Often people experience stress because of problems at work or in social relationships. stress can lead to serious problems. Stress also motivates us to achieve and fuels creativity. Others have extreme fears of objects or things associated with physical threats²such as snakes. stress often leads to less cooperation and more aggression. can cause severe stress. Stress can have both positive and negative effects. Major life events. Page 17 of 19 . or flying in an airplane²and become stressed when they encounter or think about these perceived threats. Some people may be particularly vulnerable to stress in situations involving the threat of failure or personal humiliation. such as a poor evaluation by a supervisor or an argument with a friend. However.and behavioral changes. We may feel stress when we are very busy. such as heart disease. most psychologists regard stress as a process involving a personµs interpretation and response to a threatening event. moderate stress seems to improve motivation and performance on less complex tasks. It signals danger and prepares us to take defensive action. Stress is a normal. Stress is a common experience. illness. In personal relationships. storms. If not managed appropriately. such as anxiety disorders. Exposure to chronic stress can contribute to both physical illnesses. and mental illnesses. have important deadlines to meet. Fear of things that pose realistic threats motivates us to deal with them or avoid them. Although stress may hinder performance on difficult tasks. such as the death of a loved one. The field of health psychology focuses in part on how stress affects bodily functioning and on how people can use stress management techniques to prevent or minimize disease. adaptive reaction to threat. or have too little time to finish all of our tasks.

Hamilton & D. In L.. J. R. Psychological response to serious life events. Cooper & E. In L.. R. & Lazarus. (1979). A. Breznitz (Eds. K. The Social Readjustment Rating Scale. R. Hamilton & D.. Journal of Psychosomatic Research. Industrial and Organisational Psychological: Linking Theory with Practice. 10. and Gramling. & Rahe. D. Jr.). 5. C. 27. New York: Free Press. 11. R. D. 2. M. 361368. (1967). Stress. In C. Coyne. H. R. C. S. (1982). Effects of Psychological Stress in Adult Mice Innoculated with Coxsackie B viruses. Goldberger and S. Schaefer. S. S. Holroyd. 4.REFERENCES 1. WA: Microsoft Corporation. L. In V. (2000). Locke (eds. A.. J. Stephen. Cognitive Processes as Mediators of Stress and Coping. (1987). Schaefer. T.). Ganster. A.. Workplace Interventions to Prevent Stress-Related Illness: Lessons from Research and Practiceµ. Organisational Behaviour and Management. & Lazarus. New York: Wiley. Appraisal and Coping. Comparison of Two Modes of Stress Management: Daily Hassles and Uplifts Versus Major Life Events. (1982). R.S. 8. "Stress (psychology). Journal of Behaviour Medicine. 213-218.). Page 18 of 19 . Handbook of Stress: Theoretical & Clinical Aspects. 3. Human stress and cognition: An information processing approach.. B.. S. 9. (1981). New York: Wiley. & Murphy. Auerbach. 7. 2007.. Ivancevich. Warburton (Eds. S. Sandra E. Goldberger & S. M. C. Warburton (Eds. T. & Matteson. M. M. S. & Glasgow.. (1984). Ader. S. Friedman." Microsoft® Student 2008. Stress. H. In V. (1965). Breznitz (Eds. 4. Human Stress and Congnition: An Information Processing Approach. New York: Springer. Folkman. Stressors of War: The example of Viet Nam. Konopaske.. 1-39.). M. J. A. C. Blank. Psychosomatic Medicine. Coping & Somatic Adaptation.. Oxford: Blackwell. Horowitz. Kanner. New York: McGraw-Hill Inc. Lazarus. Holmes.. 6. & Folkman. L. & Lazarus. 11. New York: Free Press.). R. Redmond. (1979). Handbook of Stress: Theoretical & Clinical Aspects.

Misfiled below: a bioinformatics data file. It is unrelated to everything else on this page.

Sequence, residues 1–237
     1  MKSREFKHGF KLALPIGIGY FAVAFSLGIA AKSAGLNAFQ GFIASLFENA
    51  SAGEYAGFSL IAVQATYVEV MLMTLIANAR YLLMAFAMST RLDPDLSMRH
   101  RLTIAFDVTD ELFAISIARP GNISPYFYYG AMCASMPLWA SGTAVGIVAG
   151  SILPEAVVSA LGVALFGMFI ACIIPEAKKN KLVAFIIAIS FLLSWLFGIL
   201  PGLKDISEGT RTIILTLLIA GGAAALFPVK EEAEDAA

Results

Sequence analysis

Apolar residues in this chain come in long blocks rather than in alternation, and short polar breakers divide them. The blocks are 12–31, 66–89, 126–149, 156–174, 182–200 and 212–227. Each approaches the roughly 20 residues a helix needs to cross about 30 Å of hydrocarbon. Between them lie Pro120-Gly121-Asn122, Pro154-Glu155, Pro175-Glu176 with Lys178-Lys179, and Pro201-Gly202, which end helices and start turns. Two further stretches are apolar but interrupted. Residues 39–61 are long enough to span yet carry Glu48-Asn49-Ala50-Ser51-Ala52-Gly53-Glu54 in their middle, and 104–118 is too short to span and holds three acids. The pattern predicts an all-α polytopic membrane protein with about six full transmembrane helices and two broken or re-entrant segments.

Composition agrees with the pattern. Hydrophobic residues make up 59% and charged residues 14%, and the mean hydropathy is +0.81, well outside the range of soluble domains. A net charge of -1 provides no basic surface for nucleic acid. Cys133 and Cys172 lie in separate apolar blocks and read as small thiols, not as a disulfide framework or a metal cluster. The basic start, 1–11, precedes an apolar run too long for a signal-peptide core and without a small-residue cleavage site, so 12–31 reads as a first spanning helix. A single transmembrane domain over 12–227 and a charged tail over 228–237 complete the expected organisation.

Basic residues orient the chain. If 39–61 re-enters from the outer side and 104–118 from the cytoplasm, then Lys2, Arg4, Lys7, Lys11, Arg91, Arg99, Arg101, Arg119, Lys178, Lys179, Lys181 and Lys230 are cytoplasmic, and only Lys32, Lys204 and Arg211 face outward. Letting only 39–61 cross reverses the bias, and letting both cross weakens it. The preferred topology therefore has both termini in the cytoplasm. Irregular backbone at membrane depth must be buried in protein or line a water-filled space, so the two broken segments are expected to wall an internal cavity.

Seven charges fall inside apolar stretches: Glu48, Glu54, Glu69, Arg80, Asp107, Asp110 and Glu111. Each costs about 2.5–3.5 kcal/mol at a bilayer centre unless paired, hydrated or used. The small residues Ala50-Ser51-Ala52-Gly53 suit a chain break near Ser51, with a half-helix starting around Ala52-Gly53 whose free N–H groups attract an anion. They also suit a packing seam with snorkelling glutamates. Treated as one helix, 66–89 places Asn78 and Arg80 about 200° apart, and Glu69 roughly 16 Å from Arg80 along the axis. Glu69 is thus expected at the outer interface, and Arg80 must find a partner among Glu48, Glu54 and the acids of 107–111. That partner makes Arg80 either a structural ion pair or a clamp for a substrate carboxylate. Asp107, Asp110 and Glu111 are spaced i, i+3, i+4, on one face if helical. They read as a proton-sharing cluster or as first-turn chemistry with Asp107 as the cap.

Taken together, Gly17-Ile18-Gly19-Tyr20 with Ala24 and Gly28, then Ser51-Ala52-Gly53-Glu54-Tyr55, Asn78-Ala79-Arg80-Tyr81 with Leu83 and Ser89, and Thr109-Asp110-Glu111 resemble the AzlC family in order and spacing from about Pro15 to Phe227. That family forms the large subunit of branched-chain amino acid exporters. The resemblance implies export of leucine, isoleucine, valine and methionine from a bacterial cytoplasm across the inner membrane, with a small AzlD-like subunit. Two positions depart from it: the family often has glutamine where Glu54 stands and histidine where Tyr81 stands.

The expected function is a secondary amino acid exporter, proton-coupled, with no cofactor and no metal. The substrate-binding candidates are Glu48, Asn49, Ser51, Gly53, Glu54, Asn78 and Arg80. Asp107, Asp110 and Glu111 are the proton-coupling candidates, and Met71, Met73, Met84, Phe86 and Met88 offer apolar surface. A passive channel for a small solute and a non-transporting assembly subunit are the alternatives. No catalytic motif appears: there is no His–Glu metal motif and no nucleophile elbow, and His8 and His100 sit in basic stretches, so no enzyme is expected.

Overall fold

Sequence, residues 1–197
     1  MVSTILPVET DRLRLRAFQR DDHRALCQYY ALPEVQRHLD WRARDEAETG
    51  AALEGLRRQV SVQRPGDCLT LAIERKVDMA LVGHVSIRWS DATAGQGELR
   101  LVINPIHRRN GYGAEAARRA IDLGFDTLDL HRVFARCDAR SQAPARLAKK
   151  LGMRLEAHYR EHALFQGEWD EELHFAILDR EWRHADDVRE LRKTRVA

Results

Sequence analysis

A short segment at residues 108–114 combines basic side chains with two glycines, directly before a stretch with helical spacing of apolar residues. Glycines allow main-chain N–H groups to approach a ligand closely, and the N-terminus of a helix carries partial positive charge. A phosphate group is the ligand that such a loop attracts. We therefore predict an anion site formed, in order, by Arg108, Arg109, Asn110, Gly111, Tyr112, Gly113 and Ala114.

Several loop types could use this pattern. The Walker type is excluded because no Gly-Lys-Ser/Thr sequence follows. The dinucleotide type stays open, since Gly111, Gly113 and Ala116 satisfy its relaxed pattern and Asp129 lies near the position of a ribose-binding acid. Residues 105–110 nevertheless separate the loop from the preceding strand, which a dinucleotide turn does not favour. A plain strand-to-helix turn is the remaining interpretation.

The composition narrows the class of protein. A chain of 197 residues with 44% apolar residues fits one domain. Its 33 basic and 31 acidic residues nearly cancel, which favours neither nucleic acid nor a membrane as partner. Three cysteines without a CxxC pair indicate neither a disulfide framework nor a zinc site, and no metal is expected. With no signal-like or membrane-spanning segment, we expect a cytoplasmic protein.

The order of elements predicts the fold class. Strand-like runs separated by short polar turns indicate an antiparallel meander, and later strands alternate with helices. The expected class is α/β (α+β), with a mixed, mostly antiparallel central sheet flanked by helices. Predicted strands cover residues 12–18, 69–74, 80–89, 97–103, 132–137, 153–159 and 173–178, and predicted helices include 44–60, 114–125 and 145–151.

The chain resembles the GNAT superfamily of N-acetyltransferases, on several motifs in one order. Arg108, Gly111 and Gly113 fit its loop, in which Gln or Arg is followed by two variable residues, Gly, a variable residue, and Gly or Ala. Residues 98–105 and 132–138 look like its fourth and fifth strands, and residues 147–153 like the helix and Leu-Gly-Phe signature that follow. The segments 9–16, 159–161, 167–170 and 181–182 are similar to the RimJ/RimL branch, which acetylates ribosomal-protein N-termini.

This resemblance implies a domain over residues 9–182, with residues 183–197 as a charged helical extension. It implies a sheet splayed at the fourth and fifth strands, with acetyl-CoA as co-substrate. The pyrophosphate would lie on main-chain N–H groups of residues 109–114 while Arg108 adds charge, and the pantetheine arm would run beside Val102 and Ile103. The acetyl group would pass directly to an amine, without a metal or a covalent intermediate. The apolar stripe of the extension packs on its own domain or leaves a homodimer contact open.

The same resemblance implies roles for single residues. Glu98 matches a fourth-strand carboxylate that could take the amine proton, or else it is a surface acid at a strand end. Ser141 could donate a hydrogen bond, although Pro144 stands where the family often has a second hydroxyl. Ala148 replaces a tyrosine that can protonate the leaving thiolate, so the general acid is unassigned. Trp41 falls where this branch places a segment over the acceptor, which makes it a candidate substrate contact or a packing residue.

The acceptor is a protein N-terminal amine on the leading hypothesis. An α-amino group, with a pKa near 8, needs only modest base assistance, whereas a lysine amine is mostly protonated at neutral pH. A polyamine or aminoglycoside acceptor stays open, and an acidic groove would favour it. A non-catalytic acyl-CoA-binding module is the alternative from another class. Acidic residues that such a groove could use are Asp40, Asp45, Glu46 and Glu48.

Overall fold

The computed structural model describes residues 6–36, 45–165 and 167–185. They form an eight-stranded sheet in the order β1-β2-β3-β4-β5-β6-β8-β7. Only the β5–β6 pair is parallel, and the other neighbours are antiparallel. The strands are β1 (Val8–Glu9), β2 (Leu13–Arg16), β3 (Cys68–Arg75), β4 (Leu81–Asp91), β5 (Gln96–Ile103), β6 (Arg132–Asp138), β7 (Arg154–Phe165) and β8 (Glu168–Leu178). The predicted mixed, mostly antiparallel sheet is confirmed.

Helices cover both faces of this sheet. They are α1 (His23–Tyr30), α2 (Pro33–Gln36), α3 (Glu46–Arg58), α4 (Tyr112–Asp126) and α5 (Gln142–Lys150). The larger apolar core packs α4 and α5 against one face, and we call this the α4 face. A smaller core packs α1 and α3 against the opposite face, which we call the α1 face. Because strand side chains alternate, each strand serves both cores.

Stressful Levels of Environmental Stimulation. (1976). New York: Mcgraw-Hill. Mandler. Washington. & Koontz.). New York: McGraw-Hill Inc.12. (2nd Ed. 16. R. Stress Disorders among Viet Nam veterans: The emotional content of combat continues. Warburton (Eds. Selye. Weihrich. Suedfeld. Management: A Global Perspective. 15. F. D. Thought Processes. G.). H. P. Human Stress and Cognition: An Information Processing Approach. (1993). 10th edition. Stress Disorders among Viet Nam veterans: Theory. consciousness and stress. G. Research and Treatment. 13. (1978). H. Spielberger (Eds. C. Shartan. H. In V. C. New York: Brunner/Mazel.: Hemisphere.). D. (1979). Figley (Ed. Stress and Anxiety (Vol. In C. In I. Page 19 of 19 . Sarason & C. (1979). 14. The Stress of Life. M.). Hamilton & D. 6). New York: Wiley.